I try not to be an emotional person, but I must admit it’s not easy. I’ve had to temper how much news I consume because it drives me crazy. As a professional in the investment industry, it’s hard. I don’t just have to stay calm for me; I have to stay calm for my clients.
I think it’s important to know, I hate periods of increased volatility just as much as you do. I, however, have a secret weapon. I know the real dangers in what you own for the long‑term, and they have nothing to do with what the loudmouths in the news media are discussing.
Every news channel you watch, every newspaper you open, every blog post you read, will lead you to be concerned about something. I have yet to find anyone talking about the real threats. Those threats are not found in the daily price movements of a diversified portfolio.
There are three very real and very big threats that you have to be aware of if you’re going to have a chance to succeed.
The first threat is your own life expectancy. Medical technology and science have brought us to a place where it’s not uncommon to see someone live 90 years or longer. In fact, the research publications I read, advise that for every plan we run, we should build expectations for at least one member of each family to live to at least 95 years of age.
Interestingly, people still consider retiring sometime around 60 years old. If a family enters retirement at that time, they’re facing likely 30 years of increasing costs. How will you be prepared to survive those 30 years?
I imagine decreasing your lifestyle during that period of time is the last thing you will want to do. Those remaining 30 years are a long time. It’s important to note, if you don’t pay attention to this threat when you’re younger, you will likely have to make hard decisions later in life, at a time when you will be less capable of making them.
The second threat is inflation, which I like to call “The price of milk and eggs.” Every time we go to the grocery store, this is apparent. I remember when I was a young kid, walking into a small‑town grocery store and buying two candy bars for a dollar. I don’t think I can even get one candy bar for a dollar today; that’s inflation.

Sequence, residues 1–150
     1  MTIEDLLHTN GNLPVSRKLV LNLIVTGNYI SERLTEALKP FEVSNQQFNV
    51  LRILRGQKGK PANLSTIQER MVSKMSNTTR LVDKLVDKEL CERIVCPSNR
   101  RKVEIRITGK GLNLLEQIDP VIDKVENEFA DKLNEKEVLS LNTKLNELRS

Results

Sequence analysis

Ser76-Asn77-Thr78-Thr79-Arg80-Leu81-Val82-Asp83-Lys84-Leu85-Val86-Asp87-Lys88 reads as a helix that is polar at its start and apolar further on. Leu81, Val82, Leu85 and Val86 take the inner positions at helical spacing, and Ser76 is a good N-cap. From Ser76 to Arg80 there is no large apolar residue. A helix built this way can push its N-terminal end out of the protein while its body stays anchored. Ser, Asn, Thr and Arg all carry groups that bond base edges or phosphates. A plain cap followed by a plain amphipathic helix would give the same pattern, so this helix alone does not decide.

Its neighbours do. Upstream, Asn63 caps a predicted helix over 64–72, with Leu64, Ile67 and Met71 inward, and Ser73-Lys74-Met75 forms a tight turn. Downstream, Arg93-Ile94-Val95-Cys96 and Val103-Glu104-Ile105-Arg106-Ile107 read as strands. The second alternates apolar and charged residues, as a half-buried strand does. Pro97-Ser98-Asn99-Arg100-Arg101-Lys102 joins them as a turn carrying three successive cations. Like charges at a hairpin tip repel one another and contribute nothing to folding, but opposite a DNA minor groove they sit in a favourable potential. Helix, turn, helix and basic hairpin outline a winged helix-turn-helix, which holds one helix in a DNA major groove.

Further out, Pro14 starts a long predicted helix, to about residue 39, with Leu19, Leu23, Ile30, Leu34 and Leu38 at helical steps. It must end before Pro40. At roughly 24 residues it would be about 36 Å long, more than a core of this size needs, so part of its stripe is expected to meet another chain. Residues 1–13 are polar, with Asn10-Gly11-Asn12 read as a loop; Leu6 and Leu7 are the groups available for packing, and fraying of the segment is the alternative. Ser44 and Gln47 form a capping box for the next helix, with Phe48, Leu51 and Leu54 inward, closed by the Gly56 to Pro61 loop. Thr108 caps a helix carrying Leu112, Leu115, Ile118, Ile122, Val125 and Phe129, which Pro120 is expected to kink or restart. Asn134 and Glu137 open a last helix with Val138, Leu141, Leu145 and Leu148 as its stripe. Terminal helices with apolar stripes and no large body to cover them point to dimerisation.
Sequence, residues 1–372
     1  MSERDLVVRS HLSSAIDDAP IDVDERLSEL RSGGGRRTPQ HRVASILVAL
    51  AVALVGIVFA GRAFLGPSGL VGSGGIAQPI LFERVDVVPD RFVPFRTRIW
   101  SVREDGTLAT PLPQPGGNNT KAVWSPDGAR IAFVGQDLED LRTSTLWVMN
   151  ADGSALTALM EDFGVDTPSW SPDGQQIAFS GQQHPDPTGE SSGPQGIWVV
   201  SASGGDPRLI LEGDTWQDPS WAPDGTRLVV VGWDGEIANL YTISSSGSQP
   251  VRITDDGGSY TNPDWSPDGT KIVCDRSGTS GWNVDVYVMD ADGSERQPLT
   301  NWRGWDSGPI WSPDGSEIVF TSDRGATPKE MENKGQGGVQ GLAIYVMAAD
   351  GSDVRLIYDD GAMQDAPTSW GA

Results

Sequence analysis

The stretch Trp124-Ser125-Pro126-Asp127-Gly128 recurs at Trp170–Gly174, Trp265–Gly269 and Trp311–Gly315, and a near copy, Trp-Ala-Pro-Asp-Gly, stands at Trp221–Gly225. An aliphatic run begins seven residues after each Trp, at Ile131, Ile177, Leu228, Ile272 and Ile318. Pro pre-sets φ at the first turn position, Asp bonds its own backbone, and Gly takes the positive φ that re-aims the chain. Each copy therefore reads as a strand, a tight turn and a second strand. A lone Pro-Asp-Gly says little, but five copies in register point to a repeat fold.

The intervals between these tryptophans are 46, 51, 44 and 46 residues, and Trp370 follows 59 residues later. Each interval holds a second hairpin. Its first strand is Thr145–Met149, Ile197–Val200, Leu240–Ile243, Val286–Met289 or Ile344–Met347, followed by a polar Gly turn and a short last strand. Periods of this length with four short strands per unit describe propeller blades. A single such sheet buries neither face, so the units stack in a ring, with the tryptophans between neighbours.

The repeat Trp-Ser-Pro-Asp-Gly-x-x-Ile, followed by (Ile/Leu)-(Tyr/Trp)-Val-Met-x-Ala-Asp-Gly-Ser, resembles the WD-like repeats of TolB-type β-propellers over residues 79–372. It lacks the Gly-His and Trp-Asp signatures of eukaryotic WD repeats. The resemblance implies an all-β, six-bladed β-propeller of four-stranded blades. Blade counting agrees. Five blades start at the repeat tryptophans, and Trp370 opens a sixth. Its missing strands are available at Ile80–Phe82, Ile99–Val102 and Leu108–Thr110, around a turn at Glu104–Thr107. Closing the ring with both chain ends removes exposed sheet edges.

If you’re looking to build a long‑term plan to support you for the rest of your life, how are you going to overcome this threat? If you combine this with the life expectancy threat mentioned above, it is a perfect combination that can do real damage to your long-term plans. Over the next 30 years, how much will the cost of your expenses increase?
Will the portfolio you own allow you to stay ahead of inflation? The only way to stay ahead of inflation significantly, over the long run, is by owning a portfolio containing great companies in the United States and around the world.
The third threat, most people ignore, is taxes. Each year, depending on how your portfolio is managed, there’s the potential of a tax bill.
Every dollar you pay out in taxes, is a dollar not working for you, for your lifetime. Never underestimate the power of the compounding interest on that lost dollar.
It is important to pay attention to how you structure and put together your portfolio. Some of the things you own will have a much higher tax burden than others. There are times when the individual performance may look wonderful but, when considering its after‑tax return, is only mediocre.
Having a professional who can walk beside you and help you manage this threat will bring more benefit than most people can measure or imagine.
Each time you encounter the media, they are trying to convince you of what you need to be concerned about. Unfortunately, they are often missing the true threats. In looking out for yourself, make sure if you’re going to be concerned about anything, you’re concerned about the right things.
At Paradiem, we hate “investing” and think you should too! We are not just investors; we are OWNERS and we believe WHAT you own and WHY you own it is a much more important consideration. If you would like more information on the importance of understanding what you OWN, email firstname.lastname@example.org with the subject “Ownership” or give us a call at (985) 727-0770.